Anita Mechler: Birthdays

Birthdays: a personal holiday that, for me, rivals Halloween as my favorite. I have always loved my birthdays, until more recently, when they started to gain more weight (along with me), the realization of aging and bodies, lost friends and relatives adding up as the years passed. As I just celebrated my 36th yesterday, I began to think about the evolution of my celebrations and wanted to share them with you.
0-20 years

Growing up in Texas, it didn’t matter that my birthday fell on January 8. I had sunshine for outdoor celebrations with a piñata drifting in the wind, hung from an huge oak tree in my backyard. Birthdays were a blur of family and friends and strawberry shortcake and presents and candy. I reveled being the center of attention, surrounded by those who loved me. These parties set the bar high. 

20-30 years

There was something about my 20s that required “epic” birthday: unforgettable parties, tons of friends, and gallons of alcohol. The height of one particular year included a re-creation of my childhood: a piñata hung in the rafters of my enclosed porch in Chicago. I found candy and bottle caps along the tops of my door cornices (thanks tall friends) and scattered in odd places for years after. 

The kitchen and living room in my small two-bedroom apartment was packed with so many people that I couldn’t get to and open my refrigerator. These parties were for meeting new boyfriends, private room karaoke, friends experimenting with making me cakes and being my DJs, making out in the pantry, and vomiting from “pre-gaming” too much. They were as epic as my friend group was large and wild. I think of them fondly and am so glad that I don’t have to clean up after them anymore. 


My 30s slowed down significantly. I lived with my boyfriend (whom I met at one of the epic parties), I had decided to go to graduate school for library science, and in order to focus on my career, I had made the heartbreaking decision to quit roller derby after 5 years of hardcore commitment. 

My friend group shrank as people moved away, paired up, had children, and slowed down themselves. I still felt this need to pack in enjoyment into one day. I still wanted my birthdays to be epic. They would be epic, damnit, from the sheer force of my will. 

This led to disaster. 

The year I was going to turn 30, I decided to go a casino. I had gone for the first time about a month before for a work function and had the greatest time (albeit, a highly chemically enhanced and monetarily lucky great time). It held all of the glitz and glamour that I saw for myself. It would be epic and different and epic, so epic.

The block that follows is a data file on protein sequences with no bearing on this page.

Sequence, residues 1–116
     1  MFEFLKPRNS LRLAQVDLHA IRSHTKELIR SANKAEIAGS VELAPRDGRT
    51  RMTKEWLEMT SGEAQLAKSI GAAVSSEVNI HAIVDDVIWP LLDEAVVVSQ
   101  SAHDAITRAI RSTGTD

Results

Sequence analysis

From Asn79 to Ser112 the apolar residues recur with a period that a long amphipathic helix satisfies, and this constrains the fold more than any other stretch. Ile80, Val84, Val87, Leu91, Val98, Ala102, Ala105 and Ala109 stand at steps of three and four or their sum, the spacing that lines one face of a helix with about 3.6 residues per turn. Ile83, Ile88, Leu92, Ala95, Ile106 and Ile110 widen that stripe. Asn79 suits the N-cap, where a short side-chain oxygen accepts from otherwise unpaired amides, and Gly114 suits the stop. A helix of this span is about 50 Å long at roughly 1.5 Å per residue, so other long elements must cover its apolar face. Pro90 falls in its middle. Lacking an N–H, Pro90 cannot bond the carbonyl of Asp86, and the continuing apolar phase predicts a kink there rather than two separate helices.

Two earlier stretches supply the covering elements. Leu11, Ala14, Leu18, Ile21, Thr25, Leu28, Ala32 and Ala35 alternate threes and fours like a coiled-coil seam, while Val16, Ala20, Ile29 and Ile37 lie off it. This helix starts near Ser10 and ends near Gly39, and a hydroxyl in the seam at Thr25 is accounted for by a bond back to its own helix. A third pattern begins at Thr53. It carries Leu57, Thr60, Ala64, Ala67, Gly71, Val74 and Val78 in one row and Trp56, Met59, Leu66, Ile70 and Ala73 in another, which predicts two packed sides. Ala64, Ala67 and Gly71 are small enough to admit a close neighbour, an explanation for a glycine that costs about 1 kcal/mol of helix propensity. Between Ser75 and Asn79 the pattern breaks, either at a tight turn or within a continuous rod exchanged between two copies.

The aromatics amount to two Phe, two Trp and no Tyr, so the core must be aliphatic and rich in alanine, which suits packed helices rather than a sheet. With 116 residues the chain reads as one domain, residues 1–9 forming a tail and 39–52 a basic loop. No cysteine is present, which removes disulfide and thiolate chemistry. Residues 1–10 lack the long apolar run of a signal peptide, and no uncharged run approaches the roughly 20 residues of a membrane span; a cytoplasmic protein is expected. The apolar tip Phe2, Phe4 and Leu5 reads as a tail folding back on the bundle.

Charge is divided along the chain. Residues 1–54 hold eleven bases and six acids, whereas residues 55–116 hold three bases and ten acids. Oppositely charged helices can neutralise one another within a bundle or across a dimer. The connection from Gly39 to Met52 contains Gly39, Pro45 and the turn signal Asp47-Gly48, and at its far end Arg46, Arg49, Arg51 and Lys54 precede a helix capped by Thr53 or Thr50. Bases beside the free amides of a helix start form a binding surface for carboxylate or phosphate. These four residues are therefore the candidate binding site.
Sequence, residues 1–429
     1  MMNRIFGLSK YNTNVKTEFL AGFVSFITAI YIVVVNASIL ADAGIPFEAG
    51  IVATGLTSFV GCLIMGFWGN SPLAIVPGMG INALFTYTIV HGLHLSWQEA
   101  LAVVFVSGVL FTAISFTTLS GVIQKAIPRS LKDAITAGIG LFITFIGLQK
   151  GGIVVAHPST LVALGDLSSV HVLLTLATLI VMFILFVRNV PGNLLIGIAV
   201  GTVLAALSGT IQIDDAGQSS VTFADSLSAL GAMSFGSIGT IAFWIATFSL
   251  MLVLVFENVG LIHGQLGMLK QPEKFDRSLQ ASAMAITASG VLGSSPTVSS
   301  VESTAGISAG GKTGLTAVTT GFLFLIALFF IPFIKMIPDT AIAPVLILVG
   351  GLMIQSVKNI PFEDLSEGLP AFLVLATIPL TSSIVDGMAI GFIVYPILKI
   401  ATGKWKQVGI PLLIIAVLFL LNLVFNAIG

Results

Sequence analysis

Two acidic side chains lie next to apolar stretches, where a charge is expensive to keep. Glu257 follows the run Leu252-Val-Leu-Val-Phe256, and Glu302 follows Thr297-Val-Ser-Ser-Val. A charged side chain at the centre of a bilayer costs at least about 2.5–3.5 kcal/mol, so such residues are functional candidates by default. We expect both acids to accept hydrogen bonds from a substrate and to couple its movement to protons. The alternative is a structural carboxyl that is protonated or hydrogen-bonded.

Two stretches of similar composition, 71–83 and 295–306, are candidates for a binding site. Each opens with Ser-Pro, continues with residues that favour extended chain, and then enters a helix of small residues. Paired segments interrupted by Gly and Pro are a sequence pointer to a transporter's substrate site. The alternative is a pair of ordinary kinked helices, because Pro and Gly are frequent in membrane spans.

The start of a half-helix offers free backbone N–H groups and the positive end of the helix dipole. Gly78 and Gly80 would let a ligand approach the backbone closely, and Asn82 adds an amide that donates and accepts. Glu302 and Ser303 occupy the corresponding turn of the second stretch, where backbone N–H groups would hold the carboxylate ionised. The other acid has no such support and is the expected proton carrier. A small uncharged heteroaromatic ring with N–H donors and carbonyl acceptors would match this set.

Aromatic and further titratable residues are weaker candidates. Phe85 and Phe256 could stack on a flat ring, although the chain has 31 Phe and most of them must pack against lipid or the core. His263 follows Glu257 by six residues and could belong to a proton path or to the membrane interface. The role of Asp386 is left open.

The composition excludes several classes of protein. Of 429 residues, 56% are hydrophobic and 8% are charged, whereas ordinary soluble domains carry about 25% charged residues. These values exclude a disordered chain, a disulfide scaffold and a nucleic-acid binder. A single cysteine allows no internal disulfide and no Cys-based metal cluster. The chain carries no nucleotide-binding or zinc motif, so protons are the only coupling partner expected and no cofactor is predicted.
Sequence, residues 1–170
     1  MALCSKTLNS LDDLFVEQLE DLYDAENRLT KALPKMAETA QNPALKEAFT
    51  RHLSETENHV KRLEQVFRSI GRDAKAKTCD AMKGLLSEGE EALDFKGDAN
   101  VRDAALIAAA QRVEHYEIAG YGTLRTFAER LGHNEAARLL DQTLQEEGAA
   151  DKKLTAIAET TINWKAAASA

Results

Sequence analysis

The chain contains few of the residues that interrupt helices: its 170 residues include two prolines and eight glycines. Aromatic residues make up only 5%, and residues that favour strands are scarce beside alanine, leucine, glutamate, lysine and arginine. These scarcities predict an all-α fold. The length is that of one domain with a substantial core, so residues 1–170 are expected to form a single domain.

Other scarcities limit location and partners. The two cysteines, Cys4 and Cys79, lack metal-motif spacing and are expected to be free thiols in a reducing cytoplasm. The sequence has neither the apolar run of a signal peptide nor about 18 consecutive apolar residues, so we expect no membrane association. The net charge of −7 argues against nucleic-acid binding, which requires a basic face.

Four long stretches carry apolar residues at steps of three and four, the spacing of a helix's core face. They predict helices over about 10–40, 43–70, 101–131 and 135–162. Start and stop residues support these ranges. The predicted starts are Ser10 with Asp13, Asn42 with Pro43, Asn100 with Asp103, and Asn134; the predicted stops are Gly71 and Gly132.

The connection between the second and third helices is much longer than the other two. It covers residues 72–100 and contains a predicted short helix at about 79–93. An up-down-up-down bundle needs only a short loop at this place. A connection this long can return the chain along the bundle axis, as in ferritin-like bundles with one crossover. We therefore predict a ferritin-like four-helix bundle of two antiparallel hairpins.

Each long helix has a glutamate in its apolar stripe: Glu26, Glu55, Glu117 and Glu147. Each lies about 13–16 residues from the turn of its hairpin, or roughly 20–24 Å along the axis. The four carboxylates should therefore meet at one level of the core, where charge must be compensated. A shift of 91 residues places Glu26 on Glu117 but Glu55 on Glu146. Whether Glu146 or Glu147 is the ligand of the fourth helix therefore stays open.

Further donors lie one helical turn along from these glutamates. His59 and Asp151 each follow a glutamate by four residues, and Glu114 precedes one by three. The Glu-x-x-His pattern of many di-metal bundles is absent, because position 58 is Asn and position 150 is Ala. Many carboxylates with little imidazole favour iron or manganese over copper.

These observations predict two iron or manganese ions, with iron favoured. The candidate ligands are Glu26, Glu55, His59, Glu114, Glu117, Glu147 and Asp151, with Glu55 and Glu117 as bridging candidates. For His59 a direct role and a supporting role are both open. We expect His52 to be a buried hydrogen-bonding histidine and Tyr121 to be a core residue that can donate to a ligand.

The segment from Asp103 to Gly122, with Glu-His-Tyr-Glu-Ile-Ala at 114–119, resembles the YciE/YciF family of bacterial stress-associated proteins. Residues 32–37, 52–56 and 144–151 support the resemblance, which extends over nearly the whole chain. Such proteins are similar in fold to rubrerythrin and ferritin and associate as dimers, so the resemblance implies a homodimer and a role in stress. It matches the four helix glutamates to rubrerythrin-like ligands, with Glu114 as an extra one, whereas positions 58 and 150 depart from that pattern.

It wasn’t. 

First, my boyfriend and I waited for an hour and missed the shuttle that would take us to the casino in the dead of winter from Chicago to Hammond, Indiana. We had to rendezvous with friends who were driving and squeeze into the backseat of their car with the rest of the passengers. We finally arrived very hungry and then had to wait two hours to get into the buffet. By the time everything was said and done, we were all ready to go home and go to bed. I won nothing at gambling and my boyfriend and I opted to take the next shuttle out of there into Chinatown and onto a freezing train. It was a total bust of a birthday and I feared it would be an omen for years to come.

After I broke up with that boyfriend (unrelated to the disastrous birthday), I felt this need to “treat myself;” a day PACKED with a massage, a trip to the spa, drinks, dinner, karaoke, etc. As I ran from place to place trying to keep up with my appointments, I wondered why I kept doing this to myself. I finally stopped once I realized that it actually stressed me the f out to try to squeeze so much in. 

This year, I took a different approach. I decided to accept that my birthday didn’t have to be “epic,” it didn’t have to be THE MOST AMAZING DAY EVER. All I needed it to be was an appreciation for another year of being alive, of health, of breathing, of having the ability to leave my house and take a Lyft to go hang out with my friends. I wanted to have fun, sing a little karaoke, eat, drink, RELAX and give myself time to rest.

At 36, I am so happy with my life and that decision. I have partied, I have climbed, I have achieved and I will continue to do so. I know when to slow the f down and appreciate what I have, and how to take care of myself. I have small but mighty group of wonderful, smart, funny, lovely, beautiful friends who love me and buy me presents and come to my brunch and laugh with me. I even got some sunshine this year (though it was 10 degrees with windchill). And now, I’m going to celebrate with cuddling my cat and maybe taking a nap. 

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